Happy days return to Prime6/15/2016
The building at 1261 Eighth St. in West Des Moines peaked several incarnations and one nefarious lawsuit ago. As Eighth Street Seafood, it featured live jazz, fresh seafood and a vibe that said “this is the place to be.” Owner Jimmy Lynch, who also owned Jimmy’s American Café, Cabo San Lucas,
Pain Pane and 801 Steak & Chop House, would sell all but the latter and leave town after losing a sexual harassment suit. The Eighth Street Seafood venue continued to thrive as Fratello’s, but it lost its edge as two sports bars and a Mexican café.
Prime Land & Sea took over the space and opened last November. It’s gone through some changes but seems to be settling into something quite reminiscent of its glory days. Owners David Baruthio and Sarah Hill (Baru 66, Gaston, Blue Tomato) have created a vibe that harkens back to the 1960s and ’70s. When live jazz is not playing, the soundtrack sticks to music that was popular before disco, rap, hip-hop, punk rock and heavy metal were invented. Chet Baker, Count Basie and Dave Brubeck were featured.
The space has several other touches that seem part of halcyon days. Linen table clothes with runners, steak knives that Crocodile Dundee would approve, napkins that made a dining partner swoon, and a black and white décor that suggests this is a serious place where serious deals are done. The bar features a fireplace and high-top tables. The lighter dining room features windows and low-top tables. A private room is also a 2,500 bottle wine cellar. Eight craft beers and imports are on tap and sell, like some glasses of wine, for just $3 at happy hours. Flatbread pies, made on pizza stones, were half-price then, too, and oysters were just $1 a piece.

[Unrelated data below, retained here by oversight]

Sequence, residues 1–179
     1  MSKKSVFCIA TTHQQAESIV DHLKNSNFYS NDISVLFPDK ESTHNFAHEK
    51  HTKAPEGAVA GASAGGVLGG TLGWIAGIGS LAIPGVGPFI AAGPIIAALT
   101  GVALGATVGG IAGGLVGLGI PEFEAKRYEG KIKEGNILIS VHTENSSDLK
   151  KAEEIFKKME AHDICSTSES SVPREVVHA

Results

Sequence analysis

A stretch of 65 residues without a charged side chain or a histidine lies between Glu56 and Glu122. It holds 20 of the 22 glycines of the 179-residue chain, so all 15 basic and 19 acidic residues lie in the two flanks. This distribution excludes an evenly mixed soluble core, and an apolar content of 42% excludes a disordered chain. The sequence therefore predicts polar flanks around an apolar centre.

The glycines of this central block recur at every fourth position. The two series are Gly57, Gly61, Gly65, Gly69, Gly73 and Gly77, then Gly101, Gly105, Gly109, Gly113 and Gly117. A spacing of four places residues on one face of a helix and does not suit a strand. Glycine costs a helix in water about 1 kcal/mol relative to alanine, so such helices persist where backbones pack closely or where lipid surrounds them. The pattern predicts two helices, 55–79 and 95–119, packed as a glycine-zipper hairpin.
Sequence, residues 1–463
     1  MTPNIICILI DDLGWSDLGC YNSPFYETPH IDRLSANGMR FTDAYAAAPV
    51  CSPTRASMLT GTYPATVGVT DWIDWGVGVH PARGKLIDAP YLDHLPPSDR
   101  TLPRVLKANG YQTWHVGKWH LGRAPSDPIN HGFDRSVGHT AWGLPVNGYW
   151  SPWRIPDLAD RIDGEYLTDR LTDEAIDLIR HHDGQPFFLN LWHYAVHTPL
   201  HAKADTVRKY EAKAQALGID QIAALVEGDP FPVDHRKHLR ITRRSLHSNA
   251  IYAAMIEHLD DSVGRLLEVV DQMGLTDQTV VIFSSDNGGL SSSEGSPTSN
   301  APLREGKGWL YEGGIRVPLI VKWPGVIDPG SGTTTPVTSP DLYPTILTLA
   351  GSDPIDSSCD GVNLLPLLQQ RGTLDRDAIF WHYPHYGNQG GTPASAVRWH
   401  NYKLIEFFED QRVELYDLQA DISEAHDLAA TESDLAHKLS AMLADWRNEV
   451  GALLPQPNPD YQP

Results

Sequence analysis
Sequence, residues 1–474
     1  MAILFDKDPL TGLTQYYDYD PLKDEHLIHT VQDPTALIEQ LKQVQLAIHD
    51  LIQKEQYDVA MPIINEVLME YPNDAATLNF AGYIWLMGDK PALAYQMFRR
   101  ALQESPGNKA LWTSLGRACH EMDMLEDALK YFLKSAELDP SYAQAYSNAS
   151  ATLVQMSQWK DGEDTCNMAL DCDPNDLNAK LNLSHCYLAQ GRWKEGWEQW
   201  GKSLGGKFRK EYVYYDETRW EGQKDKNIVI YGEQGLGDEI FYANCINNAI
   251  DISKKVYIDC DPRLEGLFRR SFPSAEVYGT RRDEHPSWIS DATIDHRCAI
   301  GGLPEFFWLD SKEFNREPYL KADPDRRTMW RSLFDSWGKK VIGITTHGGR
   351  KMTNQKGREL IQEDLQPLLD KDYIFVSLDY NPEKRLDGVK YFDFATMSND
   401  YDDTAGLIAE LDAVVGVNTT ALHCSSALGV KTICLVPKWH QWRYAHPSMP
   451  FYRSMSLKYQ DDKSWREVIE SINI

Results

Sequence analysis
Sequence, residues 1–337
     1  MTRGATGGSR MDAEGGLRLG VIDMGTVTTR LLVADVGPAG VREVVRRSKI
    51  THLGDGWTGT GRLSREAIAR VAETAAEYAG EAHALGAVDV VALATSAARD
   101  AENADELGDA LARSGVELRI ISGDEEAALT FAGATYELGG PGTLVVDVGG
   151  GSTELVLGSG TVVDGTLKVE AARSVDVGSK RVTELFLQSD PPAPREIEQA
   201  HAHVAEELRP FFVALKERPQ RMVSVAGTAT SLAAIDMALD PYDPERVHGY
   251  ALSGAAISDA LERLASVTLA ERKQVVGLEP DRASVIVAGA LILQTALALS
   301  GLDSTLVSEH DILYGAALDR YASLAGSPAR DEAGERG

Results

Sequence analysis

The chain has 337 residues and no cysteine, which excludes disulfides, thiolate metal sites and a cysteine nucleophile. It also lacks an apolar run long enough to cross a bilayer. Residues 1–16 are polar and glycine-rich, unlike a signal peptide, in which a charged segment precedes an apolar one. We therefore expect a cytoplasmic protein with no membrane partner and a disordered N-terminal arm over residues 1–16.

Prime reminds me of old Las Vegas, before anyone had the wretched idea of tearing down the Desert Inn. The food and the artwork are simple, familiar things. Baruthio jokes that he opened the place so he would not have to make steaks at Baru 66. Steaks are dry-aged here for 21 days. Iced seafood platters ($34-75) are a feature. Seasonal seafood is featured on mounds of ice. Jumbo shrimp cocktails are still in vogue here. Marvelous french fries are hand cut. Iceberg wedges or Caesar salads are popular. Oysters on the half shell are served with cocktail sauce and mignonette. Caviar is organic sturgeon and is served with premium vodka or champagne ($160).
Staying away from that option, Prime is not expensive in the 801 or Fleming’s meaning of the word. Orders are not a la carte. Steaks ($24-42) come with a starch and seasonal vegetables. Salads can be added for $4. Surf and turf dishes are a few dollars more. My ribeye was cooked perfectly “Pittsburgh (full hard sear) and rare.” It’s rare when that happens. Short ribs, salmon, Niman Ranch pork chops and delectable lamb chops are offered for $25-30. All steaks also come with a choice of classic sauces — champignon, Bearnaise, de Burgo (with cream), merlot butter, garlic butter and au poivre.
Flatbread pies cost $10-12 at full price, half during happy hours. Four are featured daily, usually one seafood, one land, one Mediterranean, and one charcuterie based. Burgers are lavish, especially the Prime burger, which includes a lobster tail, caramelized onions, cheese, Hollandaise sauce, bacon, lettuce and tomato. Burgers cost $14-29 and come with the super fries. On Mondays (5-7 p.m.), some burgers are sold with beer for just $5. Roasted beets salad came with various organic beet roots, honey, goat cheese, walnuts and mesclun. Pasta dinners range from $16-26.
Side Dishes: Prime will serve brunch on Father’s Day… Templeton Rye is marketing six years aged whiskey. CV
Jim Duncan is a freelance writer who has penned nine different columns for Cityview and its sister publications beginning in 1987.
|Prime Land and Sea
1261 Eighth St., West Des Moines
Monday – Thursday, 5-10 p.m.; Friday – Saturday, 5-11 p.m.; last Sunday of the month brunch, 11 a.m. – 2 p.m.